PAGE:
Even when I had to put him down to hold Caroline for her shots he just stood quietly and waited. Or maybe he was too terrified by her ear-splitting screams to run away. She was red-faced pissed from the second I pulled her leg out of her pajamas until I got her back in the car seat. I swear she knew what was coming. I hoped some milk might make her feel better trying to nurse her while she’s that mad is about as effective as trying to nurse a rabid weasel so I gave up. In other news, my boobs are 2 seconds from actually exploding, thanks to the combination of crying baby and failed latch attempt. I’ll be adding at least 10 oz to my freezer stash while Caroline sleeps off her anger.

We saw the doctor I liked (aka the one I don’t feel like I need to answer “correctly” instead of always honestly) and he made sure to give me lots of time and prompting to ask questions. Since this isn’t my first time at the baby rodeo (are you now picturing a baby rodeo? No? Just me then)(But would the babies be doing the lassoing or would people be lassoing the babies?) I didn’t have anything to ask – but knowing he would take the time to listen if I did is reassuring. The only tiny bit of contention was when he told me I should “keep trying” to give her a pacifier even though her reaction to them is similar to what yours might be if someone tried to shove a dirty sweat sock in your mouth. Thanks Doc, but we’ll pass on the paci’s, even if this week they’re a “do” – because next week they’ll probably be a “don’t”.

I Survived

Tuesday, January 18th, 2011

Here’s how Tuesday went:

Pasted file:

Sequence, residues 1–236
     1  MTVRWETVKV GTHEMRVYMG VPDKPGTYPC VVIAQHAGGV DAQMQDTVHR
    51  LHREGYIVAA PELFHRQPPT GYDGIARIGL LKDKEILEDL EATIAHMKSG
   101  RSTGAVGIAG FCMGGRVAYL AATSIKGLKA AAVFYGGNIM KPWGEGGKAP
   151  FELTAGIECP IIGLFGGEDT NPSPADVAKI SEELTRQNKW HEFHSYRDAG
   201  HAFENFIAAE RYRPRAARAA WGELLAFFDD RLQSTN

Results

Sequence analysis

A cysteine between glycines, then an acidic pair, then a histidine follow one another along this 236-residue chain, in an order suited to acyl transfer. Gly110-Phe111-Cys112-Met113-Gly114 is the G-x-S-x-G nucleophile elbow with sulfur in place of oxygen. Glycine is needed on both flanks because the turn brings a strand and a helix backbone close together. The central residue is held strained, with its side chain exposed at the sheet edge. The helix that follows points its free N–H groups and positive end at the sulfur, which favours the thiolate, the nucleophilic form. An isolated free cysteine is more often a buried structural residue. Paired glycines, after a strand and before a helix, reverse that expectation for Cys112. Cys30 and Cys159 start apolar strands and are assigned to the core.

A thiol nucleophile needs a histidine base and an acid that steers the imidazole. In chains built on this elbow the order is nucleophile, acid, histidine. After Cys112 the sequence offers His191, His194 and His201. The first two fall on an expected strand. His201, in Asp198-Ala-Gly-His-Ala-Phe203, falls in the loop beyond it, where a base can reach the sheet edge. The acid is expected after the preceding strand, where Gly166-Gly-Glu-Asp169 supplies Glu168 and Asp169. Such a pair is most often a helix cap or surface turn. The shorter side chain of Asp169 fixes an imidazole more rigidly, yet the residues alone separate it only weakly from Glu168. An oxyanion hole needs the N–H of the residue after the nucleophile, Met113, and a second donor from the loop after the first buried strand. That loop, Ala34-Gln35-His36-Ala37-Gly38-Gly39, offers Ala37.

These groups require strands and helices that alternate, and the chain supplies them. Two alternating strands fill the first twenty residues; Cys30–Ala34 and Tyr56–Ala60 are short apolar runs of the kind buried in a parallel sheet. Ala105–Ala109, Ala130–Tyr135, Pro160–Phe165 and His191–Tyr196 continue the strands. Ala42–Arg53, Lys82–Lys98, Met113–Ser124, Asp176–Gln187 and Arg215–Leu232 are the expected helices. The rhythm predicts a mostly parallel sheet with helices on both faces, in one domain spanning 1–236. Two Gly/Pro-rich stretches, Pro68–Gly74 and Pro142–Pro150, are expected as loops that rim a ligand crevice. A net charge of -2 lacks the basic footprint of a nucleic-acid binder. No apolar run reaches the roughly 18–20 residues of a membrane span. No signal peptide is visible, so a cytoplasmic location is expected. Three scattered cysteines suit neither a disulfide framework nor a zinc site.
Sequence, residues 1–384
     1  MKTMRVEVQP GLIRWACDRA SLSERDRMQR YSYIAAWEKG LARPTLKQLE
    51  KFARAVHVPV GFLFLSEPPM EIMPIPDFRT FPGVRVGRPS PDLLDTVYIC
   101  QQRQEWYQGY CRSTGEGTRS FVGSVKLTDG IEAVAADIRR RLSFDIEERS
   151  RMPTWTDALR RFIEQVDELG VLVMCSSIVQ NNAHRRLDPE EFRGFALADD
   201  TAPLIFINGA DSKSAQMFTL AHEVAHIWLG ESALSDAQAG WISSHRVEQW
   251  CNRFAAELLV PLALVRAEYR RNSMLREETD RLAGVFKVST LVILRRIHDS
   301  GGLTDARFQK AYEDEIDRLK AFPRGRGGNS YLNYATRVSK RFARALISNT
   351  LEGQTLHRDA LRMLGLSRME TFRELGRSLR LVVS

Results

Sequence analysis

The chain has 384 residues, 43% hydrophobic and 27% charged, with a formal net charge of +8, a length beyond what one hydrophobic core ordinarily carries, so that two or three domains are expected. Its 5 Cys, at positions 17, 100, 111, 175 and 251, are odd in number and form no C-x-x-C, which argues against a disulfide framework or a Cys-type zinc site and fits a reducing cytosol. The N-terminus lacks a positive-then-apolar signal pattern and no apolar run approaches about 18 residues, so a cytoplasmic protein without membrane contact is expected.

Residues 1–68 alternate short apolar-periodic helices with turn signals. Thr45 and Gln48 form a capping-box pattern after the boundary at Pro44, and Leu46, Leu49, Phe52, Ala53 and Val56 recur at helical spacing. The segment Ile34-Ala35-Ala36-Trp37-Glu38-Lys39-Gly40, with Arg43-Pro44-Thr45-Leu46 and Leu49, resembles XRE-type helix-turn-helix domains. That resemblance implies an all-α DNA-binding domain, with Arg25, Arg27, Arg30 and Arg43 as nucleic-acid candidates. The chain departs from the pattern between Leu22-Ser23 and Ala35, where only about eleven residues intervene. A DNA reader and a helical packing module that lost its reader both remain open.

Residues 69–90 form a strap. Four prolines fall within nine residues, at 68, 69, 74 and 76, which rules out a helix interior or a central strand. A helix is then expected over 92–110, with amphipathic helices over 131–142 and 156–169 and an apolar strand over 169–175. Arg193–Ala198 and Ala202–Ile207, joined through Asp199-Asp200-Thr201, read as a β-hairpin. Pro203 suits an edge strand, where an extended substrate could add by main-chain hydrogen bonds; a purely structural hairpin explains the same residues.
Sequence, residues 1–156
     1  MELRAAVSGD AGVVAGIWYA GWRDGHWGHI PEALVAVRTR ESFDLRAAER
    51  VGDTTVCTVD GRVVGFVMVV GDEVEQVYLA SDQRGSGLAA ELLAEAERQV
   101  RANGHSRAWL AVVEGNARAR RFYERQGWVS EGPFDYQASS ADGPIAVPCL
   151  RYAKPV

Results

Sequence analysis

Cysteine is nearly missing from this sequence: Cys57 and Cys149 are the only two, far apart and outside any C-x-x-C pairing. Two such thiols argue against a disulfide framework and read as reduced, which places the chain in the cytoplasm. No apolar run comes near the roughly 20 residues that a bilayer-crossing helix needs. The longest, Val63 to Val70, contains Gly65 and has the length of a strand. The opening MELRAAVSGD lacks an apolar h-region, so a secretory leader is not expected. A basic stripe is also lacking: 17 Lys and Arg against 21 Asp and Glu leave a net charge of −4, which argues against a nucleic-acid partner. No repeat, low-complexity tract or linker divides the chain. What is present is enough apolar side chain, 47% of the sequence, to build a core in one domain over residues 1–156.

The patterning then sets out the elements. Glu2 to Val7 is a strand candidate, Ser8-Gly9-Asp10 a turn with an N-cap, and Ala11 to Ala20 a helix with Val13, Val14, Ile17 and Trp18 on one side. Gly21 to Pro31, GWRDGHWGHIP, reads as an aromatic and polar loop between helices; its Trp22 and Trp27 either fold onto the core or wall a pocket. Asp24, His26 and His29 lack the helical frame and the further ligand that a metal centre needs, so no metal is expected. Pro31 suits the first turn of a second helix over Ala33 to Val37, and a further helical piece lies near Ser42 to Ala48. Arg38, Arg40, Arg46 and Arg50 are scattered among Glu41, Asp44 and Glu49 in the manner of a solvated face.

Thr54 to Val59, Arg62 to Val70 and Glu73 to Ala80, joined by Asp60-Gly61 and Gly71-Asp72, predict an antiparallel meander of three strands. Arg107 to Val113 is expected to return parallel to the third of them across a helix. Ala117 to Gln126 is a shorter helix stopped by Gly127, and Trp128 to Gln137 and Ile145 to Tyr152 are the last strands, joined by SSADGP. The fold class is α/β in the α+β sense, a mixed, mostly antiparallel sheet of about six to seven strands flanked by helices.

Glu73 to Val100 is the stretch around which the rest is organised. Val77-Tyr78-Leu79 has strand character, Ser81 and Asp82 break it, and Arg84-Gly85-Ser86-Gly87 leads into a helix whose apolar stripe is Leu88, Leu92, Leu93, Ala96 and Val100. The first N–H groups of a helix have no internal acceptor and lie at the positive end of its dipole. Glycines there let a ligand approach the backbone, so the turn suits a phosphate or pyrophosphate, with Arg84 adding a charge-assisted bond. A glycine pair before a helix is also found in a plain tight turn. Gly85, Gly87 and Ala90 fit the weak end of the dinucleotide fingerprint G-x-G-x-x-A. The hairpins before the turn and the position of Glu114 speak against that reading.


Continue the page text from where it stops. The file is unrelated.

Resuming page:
Wake up, panic about oversleeping, realize I did not in fact oversleep. Find clothes that cover my body appropriately (I have given up on “fit” for the foreseeable future), brush teeth, put on mascara. Fetch toddler from crib, change and dress toddler, put toddler on couch with breakfast so I can go fetch baby, bring baby downstairs, feed and change baby. Look out the window. Notice SNOW AND ICE FALLING FROM THE SKY. Realize the day may not go exactly as I had planned. Check email to discover Stroller Strides in canceled, which means I probably can’t drop Little Evan off at the mall with a Stroller Strides friend. Consider dropping him off at the mall with strangers but decide that’s probably a poor choice. Start car because it is completely iced over. Realize I can give up and go back to bed (or at least put my PJ’s back on) if my doctor’s appointment is also canceled. Call medical center. Wait on hold. Wait on hold. Wait on hold. Wait on hold. Learn sorry, we’re still open, but if you’d like to reschedule we can see you a month from now. Decide to brave slippery roads with toddler and baby in tow. Quickly get online and renew AAA membership I’ve been forgetting to renew for the past month. JUST IN CASE. Get toddler into coat and into car. Get diaper bag full of stuff into car. Get baby into car. Slide out onto unplowed streets to drive the 12 miles to base. Drive up big giant hill praying I don’t slide backwards. Pull into parking lot and remember there is NEVER any parking here. Drive in circles for 5 minutes before gunning it down the aisle towards taillights and getting THE VERY FIRST spot, as close to the door as you can possibly get. Cheer loudly for myself. Open baby’s door, grab bucket seat. Open toddler’s door, unbuckle toddler with one hand and help him out of car. Walk towards building. Realize I can’t remember where I put my ID after showing it at the gate. Walk back to car, put bucket on icy sidewalk, tell toddler to not move. Rain and ice fall on toddler and baby while I search car floor for ID. Check wallet. Find ID in wallet. Close door, pick up bucket, pick up toddler, shuffle to building. Check in. Look incredulously at desk guy who wants me to fill out pointless paperwork. Take pointless paperwork. Sit down, get toddler snack, milk and toy. Rock baby with foot while filling out paperwork. 30 seconds later the nurse calls me in. Get up, pack up toddler’s snack, milk and toy, herd toddler towards door while carrying bucket. Give nurse the run-down of why I’m there. Wait for doctor. Give doctor run down of why I’m there. Doctor agrees she has no idea what’s going on with me and I probably should see a specialist as soon as possible. Baby starts SCREAMING. I ask if she mind’s if I nurse and she says no. Pull out boob. Doctor runs from the room, saying my referral will be at the office. Feed baby. Baby poopsplodes. Toddler poops. Change baby’s diaper and clothes. Get baby back in bucket. Change toddler. Herd toddler back to main desk to drop off pointless paperwork. Stop by referral office. Baby begins screaming. Toddler falls down. Nice lady tries to help toddler up. Toddler recognizes nice lady as HORRIBLE VICIOUS CHILD KIDNAPPER and begins screaming. Grab referral and shove it in my bag before looking at it. Drag two screaming children out to car. Put bucket down on icy sidewalk. Toss toddler in car. Snap bucket into seat. Go back around to driver’s side to buckle in toddler. Realize toddler has pooped again. Give up. Drive to McDonald’s. Buy breakfast sandwich and hashbrown. Throw hashbrown at toddler. Drive home. Unload toddler. Unload baby. Go back out for now-cold sandwich. Slip on ice and step in giant puddle. Sit on couch soaking wet to nurse and burp and nurse and rock and nurse screaming baby while toddler throws animal crackers at my face. Baby finally falls asleep. Put baby in bouncy seat. Get toddler more milk. Change toddler. Take toddler upstairs for nap time. Sit on couch. Eat freezing cold breakfast sandwich for lunch. PASS THE HELL OUT.